Bang! Tango picks up a disappointing two of five Tonys. Maybe it's me. No, wait, I'm pretty sure it's them.

Tony Tony

Chamber of Chills 15

Chamber of Chills #15 [March, 1975] falls pretty close to halfway into the 25-issue run of this Marvel reprint title. It is far from the last odd comic that will cross this column's path as I organize my decades-old accumulation of stuff.

The cover was probably pencilled by Larry Lieber with inks by Mike Esposito and Frank Giacoia. The cover copy errs in that the issue only features three "more soul-shattering tales" besides the cover feature. All four stories are reprinted from Marvel horror titles of 1952 and 1953. It's a good selection.

"The Eyes" is one of those aliens among us stories with nicely frantic art. Werner Roth is a likely choice for the artist.

Signed by artist Larry Woromay, "The Witch of Landor" tells of an impoverished duke who, seeking a hidden family fortune, compels a witch to summon his ancestors to him. It's a clever tale with an appropriately shocking ending.

There is no supernatural element in Stan Lee and Russ Heath's "Rodeo!" Just a murderous rodeo clown seeking vengeance on the star rider whose girlfriend he covets. It's a little on the goofy side, but scary fun all the same.

But the prize of this issue is "I Was Locked in a...Haunted House" by Stan Lee and Joe Maneely. It's "Comics in the Comics" as the new kid in town scoffs at the reading material of his new pals. They challenge him to spend an hour in the local haunted house. By the end of the story, the doubting teen is sold on the educational benefits of Marvel Tales and other supernatural comic books published by Marvel. I love this story!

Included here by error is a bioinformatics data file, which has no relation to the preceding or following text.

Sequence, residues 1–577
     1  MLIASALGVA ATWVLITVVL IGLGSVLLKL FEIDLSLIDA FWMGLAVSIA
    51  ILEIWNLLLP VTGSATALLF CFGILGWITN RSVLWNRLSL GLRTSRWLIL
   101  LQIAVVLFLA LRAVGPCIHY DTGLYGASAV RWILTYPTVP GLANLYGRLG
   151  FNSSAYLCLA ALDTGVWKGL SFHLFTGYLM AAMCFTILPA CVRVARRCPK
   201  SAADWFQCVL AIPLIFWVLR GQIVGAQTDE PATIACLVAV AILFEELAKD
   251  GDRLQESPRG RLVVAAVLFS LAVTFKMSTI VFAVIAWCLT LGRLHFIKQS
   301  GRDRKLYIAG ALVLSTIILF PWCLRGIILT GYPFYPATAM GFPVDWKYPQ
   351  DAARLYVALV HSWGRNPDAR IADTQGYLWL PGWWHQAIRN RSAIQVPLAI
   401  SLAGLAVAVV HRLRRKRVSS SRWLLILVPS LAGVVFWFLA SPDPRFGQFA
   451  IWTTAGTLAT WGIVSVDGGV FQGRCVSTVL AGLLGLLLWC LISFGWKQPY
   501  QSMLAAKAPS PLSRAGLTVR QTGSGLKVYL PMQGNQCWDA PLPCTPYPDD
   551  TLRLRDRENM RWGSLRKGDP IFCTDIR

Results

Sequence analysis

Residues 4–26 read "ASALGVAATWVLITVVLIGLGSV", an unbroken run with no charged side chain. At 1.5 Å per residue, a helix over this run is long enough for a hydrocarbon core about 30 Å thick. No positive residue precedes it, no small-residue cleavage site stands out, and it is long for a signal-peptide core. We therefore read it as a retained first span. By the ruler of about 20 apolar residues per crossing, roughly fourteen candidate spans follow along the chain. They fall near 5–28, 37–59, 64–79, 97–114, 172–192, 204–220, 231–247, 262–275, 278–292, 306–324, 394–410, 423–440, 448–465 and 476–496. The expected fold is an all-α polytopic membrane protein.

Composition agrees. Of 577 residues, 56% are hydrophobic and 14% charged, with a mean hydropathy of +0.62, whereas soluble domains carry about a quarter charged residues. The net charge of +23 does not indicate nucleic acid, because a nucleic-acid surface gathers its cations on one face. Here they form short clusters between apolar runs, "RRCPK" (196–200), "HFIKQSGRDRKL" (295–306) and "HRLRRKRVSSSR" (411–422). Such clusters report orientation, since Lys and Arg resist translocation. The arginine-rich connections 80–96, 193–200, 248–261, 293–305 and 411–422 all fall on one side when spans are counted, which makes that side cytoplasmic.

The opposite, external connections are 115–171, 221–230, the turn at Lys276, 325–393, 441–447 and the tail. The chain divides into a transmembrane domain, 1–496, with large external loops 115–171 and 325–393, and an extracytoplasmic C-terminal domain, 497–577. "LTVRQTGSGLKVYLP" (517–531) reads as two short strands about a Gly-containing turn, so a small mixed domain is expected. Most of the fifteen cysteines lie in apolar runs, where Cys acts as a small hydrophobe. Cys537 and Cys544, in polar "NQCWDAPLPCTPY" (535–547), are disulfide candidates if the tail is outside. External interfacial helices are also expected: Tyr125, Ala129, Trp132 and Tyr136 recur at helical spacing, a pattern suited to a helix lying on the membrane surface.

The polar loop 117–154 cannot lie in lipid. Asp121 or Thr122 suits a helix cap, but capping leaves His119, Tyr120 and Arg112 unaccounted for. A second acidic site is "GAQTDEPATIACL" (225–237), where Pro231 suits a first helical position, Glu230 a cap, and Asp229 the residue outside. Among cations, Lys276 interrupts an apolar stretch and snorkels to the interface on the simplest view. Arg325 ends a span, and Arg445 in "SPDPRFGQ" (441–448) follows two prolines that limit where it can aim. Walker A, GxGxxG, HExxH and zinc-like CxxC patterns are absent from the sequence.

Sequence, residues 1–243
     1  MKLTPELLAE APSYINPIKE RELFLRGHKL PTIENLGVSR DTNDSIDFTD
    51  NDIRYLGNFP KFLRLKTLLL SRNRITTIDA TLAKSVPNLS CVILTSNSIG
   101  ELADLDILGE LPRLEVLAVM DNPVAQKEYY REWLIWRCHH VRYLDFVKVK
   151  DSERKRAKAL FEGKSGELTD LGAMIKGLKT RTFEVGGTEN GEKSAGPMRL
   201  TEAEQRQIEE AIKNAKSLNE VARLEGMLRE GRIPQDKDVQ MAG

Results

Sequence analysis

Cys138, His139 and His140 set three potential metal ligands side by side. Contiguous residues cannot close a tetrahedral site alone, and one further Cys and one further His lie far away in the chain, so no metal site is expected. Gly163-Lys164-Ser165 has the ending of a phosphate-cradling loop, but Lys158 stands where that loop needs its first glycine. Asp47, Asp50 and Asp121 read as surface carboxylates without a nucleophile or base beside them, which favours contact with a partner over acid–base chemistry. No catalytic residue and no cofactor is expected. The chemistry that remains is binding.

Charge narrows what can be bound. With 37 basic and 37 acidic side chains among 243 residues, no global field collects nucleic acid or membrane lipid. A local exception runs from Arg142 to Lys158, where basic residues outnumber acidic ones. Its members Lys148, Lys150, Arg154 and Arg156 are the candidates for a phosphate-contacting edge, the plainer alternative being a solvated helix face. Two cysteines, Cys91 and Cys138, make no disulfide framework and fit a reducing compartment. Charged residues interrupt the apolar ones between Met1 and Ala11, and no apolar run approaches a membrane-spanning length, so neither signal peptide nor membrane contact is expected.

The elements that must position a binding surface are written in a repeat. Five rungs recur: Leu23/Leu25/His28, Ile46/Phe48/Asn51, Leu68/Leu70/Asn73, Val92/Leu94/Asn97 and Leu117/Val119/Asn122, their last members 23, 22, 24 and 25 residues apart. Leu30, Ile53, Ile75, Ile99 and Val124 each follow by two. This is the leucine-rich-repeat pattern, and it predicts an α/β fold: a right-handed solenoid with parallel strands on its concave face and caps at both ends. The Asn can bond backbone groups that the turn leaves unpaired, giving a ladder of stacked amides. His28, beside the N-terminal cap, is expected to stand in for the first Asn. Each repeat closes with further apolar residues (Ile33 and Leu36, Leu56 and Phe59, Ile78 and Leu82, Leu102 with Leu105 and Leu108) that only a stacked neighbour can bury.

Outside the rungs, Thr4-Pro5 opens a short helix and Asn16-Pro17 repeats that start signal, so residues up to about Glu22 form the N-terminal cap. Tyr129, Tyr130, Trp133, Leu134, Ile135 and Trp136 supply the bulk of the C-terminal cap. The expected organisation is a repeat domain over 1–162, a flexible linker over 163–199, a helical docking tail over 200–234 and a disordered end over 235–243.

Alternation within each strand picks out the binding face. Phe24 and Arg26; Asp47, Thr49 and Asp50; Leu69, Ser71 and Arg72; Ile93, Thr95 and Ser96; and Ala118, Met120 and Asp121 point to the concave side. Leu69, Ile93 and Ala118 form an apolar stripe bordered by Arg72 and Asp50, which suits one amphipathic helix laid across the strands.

Chamber of Chills #15 earns four out of five Tonys and is well worth hunting for.

Tony Tony Tony Tony

Thanks for spending a part of your day with me. I'll be back tomorrow with more stuff.

Tony Isabella

<< 09/02/2009 | 09/03/2009 | 09/04/2009 >>

Discuss this column with me at my Message Board. Also, read Heroes and Villains: Real and Imagined and view my Amazon Wish List.

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Zero Tonys
ZERO: Burn your money before buying any comic receiving this rating. It doesn't *necessarily* mean there's absolutely nothing of value here - though it *could* - but whatever value it might possess shrinks into insignificance before its overall awfulness.

ONE: Buy something else. Maybe I found something which wasn't completely dreadful in the item, but not enough for me to recommend it when there are better comics available. I only want what's best for you, my children.

TWO: Basic judgment call. I found some value, but not enough to recommend it. My review should give you enough info to decide if you want to take a chance on it. Are you feeling lucky today, punk? Well, are you?

THREE: This denotes something I find perfectly respectable. There are better books out there, but I wouldn't regret buying this item. Based on my review, you should be able to determine if it's of interest to you. Let the Force guide you.

FOUR: I recommend anything earning this rating. Unless you don't like the genre, subject matter, or past work of the creators, I believe you'll enjoy this item. Isn't it uncanny how I can look right into your soul that way?

FIVE: Anything getting this rating is among the best comicdom has to offer. You should buy/read this, even if the genre/subject matter doesn't appeal to you. It's for your own good. Me, I live for comics and books this good...but not in a pathetic "Comic-Book Guy" sort of way.